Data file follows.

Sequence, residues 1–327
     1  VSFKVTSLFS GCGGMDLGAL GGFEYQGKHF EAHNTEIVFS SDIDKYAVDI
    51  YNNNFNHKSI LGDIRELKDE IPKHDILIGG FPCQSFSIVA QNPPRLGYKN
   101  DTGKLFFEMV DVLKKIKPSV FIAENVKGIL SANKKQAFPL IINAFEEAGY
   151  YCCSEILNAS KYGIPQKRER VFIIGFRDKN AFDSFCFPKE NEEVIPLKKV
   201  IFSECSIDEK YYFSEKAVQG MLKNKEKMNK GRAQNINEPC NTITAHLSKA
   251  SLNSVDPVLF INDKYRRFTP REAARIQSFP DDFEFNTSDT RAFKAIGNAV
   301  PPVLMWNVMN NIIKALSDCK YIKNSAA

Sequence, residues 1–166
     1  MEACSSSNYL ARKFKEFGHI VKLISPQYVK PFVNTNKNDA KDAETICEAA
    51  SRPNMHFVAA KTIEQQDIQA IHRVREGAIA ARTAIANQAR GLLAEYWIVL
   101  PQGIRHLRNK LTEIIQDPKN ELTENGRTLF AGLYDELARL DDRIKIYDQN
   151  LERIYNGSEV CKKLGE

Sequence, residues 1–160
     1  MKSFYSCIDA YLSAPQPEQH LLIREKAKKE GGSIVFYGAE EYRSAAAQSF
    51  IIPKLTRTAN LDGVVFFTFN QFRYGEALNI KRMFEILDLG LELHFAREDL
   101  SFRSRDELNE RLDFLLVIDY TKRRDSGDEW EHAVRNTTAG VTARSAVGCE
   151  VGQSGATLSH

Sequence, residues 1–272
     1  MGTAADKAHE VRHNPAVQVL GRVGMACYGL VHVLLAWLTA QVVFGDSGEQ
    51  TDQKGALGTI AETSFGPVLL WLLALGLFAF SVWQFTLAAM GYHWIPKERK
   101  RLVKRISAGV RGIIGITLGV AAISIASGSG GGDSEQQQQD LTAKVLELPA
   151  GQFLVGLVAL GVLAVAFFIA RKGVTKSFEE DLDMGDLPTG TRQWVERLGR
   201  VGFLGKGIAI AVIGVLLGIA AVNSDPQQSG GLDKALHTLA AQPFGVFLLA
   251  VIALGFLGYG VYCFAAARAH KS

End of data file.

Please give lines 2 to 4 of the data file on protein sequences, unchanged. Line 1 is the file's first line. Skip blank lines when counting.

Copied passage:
     1  VSFKVTSLFS GCGGMDLGAL GGFEYQGKHF EAHNTEIVFS SDIDKYAVDI
    51  YNNNFNHKSI LGDIRELKDE IPKHDILIGG FPCQSFSIVA QNPPRLGYKN
   101  DTGKLFFEMV DVLKKIKPSV FIAENVKGIL SANKKQAFPL IINAFEEAGY